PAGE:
Sara Milligan’s Master’s Thesis Accepted for Publication!

Congratulations to Sara and Liz on getting Sara’s master’s thesis, titled “Do Readers Here What They Sea?: Investigating Factors that Affect the Phonological Preview Benefit in Reading” accepted for publication in the special issue “Eye Movements in Reading at 50: Models, Methods, and Findings” at the Journal of Memory and Language. Great work!

Alumna Neslihan Caliskan’s Thesis has been Accepted for Publication!

Congratulations to Nesli, Sara, and Liz on getting Nesli’s honors thesis, titled “Readers scrutinize lexical familiarity only in the absence of expectations: Evidence from lexicality effects on event-related potentials” accepted for publication at Brain and Language. Great work!

Alumna Victoria Estevez’s Thesis has been Accepted for Publication!

Congratulations to Victoria, Sara, and Liz on publishing Victoria’s honors thesis with the USF Psychology Honors Program in Psychophysiology! Her project is titled “Event-related potentials show that parafoveal vision is insufficient for semantic integration”. 

Poster Sessions at the 63rd Annual Psychonomics Meeting

This year’s Psychonomics meeting was held at Boston, Massachusetts. EMaC Lab members presented the results from their most recent projects.

On Thursday, Sara presented her poster titled: ” Parafoveal processing provides a head start on word recognition and reduces foveal N400 effects”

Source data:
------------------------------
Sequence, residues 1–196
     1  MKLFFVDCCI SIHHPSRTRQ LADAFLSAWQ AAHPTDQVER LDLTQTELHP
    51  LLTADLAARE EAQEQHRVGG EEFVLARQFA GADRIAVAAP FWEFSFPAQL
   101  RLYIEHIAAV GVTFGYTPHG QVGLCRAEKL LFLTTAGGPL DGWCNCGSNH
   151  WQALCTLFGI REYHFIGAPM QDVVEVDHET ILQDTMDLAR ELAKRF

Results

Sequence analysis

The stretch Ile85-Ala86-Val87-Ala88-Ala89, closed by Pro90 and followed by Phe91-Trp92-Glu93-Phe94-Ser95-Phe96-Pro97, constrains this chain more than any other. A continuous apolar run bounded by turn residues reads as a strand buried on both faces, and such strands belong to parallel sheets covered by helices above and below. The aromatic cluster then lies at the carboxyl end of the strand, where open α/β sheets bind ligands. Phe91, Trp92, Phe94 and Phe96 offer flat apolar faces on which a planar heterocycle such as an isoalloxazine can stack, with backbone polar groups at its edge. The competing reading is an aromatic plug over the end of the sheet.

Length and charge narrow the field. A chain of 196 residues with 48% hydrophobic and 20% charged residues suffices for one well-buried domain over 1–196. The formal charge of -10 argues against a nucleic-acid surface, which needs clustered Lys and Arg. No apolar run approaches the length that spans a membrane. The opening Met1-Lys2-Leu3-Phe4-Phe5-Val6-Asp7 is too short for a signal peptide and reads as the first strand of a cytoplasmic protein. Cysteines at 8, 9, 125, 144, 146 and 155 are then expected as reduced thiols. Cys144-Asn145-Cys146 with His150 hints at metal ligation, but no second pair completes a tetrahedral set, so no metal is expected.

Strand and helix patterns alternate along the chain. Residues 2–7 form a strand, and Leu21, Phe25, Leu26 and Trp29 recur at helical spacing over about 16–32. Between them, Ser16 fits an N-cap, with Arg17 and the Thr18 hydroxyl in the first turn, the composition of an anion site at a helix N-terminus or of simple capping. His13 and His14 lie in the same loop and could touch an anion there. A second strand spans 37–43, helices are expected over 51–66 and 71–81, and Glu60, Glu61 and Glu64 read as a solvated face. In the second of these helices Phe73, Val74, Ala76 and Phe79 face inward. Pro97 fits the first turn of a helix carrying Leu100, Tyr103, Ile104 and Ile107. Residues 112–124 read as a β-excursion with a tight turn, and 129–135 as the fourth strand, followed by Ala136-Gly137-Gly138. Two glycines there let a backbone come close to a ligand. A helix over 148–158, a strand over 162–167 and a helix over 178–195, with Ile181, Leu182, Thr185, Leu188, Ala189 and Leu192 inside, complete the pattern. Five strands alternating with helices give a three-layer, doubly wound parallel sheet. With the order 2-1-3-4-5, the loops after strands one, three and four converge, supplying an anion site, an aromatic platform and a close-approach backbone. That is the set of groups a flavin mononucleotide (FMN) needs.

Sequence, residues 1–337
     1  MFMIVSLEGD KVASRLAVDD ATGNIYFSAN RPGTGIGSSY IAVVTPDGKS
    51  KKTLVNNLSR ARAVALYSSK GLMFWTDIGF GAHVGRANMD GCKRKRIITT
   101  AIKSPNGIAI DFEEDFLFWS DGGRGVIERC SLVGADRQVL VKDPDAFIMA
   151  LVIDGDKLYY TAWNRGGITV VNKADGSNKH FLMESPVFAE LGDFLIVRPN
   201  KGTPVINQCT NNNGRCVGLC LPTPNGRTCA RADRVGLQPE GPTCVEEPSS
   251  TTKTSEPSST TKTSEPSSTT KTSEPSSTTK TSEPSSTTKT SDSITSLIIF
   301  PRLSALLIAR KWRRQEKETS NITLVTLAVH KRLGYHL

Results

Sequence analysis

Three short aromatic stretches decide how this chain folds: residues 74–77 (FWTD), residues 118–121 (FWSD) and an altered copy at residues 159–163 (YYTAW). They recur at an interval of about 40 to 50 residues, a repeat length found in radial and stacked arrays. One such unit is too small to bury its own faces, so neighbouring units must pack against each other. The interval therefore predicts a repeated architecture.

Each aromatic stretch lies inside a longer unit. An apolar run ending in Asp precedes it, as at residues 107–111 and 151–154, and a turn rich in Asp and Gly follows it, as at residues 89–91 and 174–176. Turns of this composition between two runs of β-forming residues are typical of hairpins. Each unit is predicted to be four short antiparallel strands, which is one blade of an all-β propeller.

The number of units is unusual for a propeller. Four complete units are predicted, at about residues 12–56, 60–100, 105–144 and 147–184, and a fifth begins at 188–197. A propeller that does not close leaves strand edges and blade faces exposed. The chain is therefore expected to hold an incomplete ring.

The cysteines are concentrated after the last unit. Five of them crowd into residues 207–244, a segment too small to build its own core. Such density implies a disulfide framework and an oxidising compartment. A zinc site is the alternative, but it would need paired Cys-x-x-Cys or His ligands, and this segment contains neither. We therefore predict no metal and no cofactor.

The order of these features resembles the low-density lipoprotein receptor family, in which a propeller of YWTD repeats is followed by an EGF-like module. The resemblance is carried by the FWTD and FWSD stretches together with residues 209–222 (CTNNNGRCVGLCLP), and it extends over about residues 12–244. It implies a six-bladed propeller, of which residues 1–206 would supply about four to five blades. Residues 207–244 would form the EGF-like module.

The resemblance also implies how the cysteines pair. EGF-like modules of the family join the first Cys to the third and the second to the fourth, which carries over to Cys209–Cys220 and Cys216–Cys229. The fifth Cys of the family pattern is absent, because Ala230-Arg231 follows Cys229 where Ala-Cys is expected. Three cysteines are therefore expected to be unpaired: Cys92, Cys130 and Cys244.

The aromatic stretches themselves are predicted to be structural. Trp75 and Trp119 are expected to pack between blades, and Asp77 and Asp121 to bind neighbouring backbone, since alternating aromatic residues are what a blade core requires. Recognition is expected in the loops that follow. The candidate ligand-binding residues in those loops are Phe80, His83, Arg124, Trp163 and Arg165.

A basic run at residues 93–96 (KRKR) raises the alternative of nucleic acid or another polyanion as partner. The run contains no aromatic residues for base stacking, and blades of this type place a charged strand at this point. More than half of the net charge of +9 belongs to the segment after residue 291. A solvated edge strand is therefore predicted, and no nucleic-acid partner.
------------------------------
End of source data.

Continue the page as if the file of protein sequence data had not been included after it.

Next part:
On Friday, Brian presented his poster titled: “Investigating the relationship between language skill and semantic vs. orthographic processing: Evidence from the N400 ERP component”,

and Frances presented her poster titled: “Length, frequency, and predictability: The Big 3 and skilled deaf readers”.

On Saturday, Nesli Presented her poster titled: “ERPs reveal that lexical familiarity only matters in the absence of expectations”.

Poster Session at the 10th Annual USF Psychology Expo

Casey, Hannah and Katie presented their posters at the 10th Annual USF Psychology Expo!

Hannah and Katie presented Hannah’s honors thesis project investigating word diversity and word frequency effects in sentence reading using event-related brain potentials.
Casey presented her honors thesis project investigating the leftward word identification span of deaf readers using the gaze-contingent moving window paradigm.